K-State graduation year: May 2013
Degree: B.S. Animal Science and Industry
Current employer: Boehringer Ingleheim
Position: Territory Manager
How many times, if any, did you change your major during college?
I never had to “officially” change majors, but when I started Freshman year at Butler Community College, I thought I would do Agricultural Communications at K-State.
I considered two things- my passions (cattle and people) and what classes I was enjoying the most Freshman year. For me, it just seemed like a logical decision to pursue an Animal Science degree.
- Collegiate Cattlewomen
- Block and Bridle
- Gamma Phi Beta sorority
My summer after senior year of high school was spent at an AM radio station, KKOW in Pittsburg, KS, where I read the market reports every day, current news stories and assisted with the annual farm show. Two summers were spent at Osborn + Barr in Kansas City as an Account Services intern on the Merck Animal Health account. I was able to work closely with the client and assist with projects for their marketing campaigns, meetings for their sales force, and events such as Cattle Feeders Hall of Fame and the World Dairy Expo.
I went to NCBA the year it was in Tampa, FL with Collegiate Cattlewomen. While there, I passed out my resume to anyone who would look my way it seemed! I knew I wanted to be an animal health pharmaceutical representative, so I really targeted those companies and spent the most time networking with those folks. I was sure to get a business card from anyone I talked to, applied online for the desired open position, and then sent a follow up email with my resume to the company representative I had met. However, networking with industry individuals started years before I was a senior, and that was how I ended up at both of my internships. Never underestimate the power of a good contact! Having that personal relationship or recommendation will take you further than just about anything else.
As a cattle Territory Manager, I am interacting with farmers and veterinarians every single day. Sometimes that means breakfast in a diner that doesn’t accept credit cards, conversing in the milking parlor, or climbing into a tractor while a farmer is packing silage. My job is to take the latest research and news to vets and farmers so that they have all the pieces of the puzzle to make the most beneficial decision for their herds. I also get to host educational meetings and events, which allows everyone to come together and share their ideas, successes and learning opportunities. It is a lot of traveling, but it’s also a great opportunity to experience places and things I probably wouldn’t otherwise.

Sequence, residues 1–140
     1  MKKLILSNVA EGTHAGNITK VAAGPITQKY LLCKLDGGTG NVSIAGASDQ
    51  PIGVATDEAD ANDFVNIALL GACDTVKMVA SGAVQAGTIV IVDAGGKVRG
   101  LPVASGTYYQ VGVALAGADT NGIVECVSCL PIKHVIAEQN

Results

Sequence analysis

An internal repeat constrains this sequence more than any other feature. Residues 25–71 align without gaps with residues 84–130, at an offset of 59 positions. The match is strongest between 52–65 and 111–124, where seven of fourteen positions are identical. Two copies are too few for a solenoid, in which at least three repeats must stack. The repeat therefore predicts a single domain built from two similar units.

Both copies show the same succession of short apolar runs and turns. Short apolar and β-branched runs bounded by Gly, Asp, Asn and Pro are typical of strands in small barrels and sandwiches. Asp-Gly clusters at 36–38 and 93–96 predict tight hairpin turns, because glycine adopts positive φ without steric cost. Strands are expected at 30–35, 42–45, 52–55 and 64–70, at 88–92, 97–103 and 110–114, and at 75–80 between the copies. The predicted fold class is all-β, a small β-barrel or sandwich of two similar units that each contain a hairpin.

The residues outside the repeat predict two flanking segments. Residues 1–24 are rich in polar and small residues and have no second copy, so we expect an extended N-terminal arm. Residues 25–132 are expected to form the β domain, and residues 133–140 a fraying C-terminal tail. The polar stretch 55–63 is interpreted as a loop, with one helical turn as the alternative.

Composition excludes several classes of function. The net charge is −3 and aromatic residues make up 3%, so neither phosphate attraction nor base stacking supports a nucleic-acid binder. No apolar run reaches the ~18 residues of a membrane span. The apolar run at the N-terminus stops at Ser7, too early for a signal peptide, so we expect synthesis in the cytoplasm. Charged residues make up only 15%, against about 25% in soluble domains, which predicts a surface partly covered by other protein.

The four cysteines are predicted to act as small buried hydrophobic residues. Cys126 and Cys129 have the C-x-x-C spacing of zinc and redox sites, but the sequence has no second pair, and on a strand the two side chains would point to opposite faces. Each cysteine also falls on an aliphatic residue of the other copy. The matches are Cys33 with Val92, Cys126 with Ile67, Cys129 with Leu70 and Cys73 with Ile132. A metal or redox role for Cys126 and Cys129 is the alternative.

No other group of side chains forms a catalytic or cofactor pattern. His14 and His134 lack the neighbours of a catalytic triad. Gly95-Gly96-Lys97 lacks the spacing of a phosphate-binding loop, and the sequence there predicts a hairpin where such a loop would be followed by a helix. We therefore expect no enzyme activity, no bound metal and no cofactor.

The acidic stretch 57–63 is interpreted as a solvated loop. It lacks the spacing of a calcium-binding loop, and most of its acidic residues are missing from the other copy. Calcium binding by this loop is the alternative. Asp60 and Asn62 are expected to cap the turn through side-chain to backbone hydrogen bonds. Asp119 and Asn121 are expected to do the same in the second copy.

Interacting with people every day. I make it my goal to bring a little light to everyone I meet, and leave them feeling happier and more optimistic than before. This job allows me to do that while still getting to be involved in the cattle industry. So many of my customers have become my friends, so this job feels like I’m just hanging out with people I enjoy and discussing a little science while I’m there.
The biggest challenge was defiantly moving to a brand new state (New York) and into a brand new industry (dairy).While my geographical location has become less of an issue, the fact that I have a beef background rather than dairy is something I will continue to face. It doesn’t make my job impossible, it just means I have to work harder than my competition, find other ways to connect with folks, and continually take advantage of learning opportunities.
Network and be ready to work hard! This job is amazing, but you have to work hard every single day in order to be successful. No one is making me go to work in the morning and checking my schedule to be sure I am doing my job- my boss lives 9 hours from me! A person in this field must be disciplined to show up every day and willing to put in the long hours and miles. Do some ride alongs with people in this career to be sure you know what you’re signing up for.
For more information, Hannah can be reached at 620-636-0125 or firstname.lastname@example.org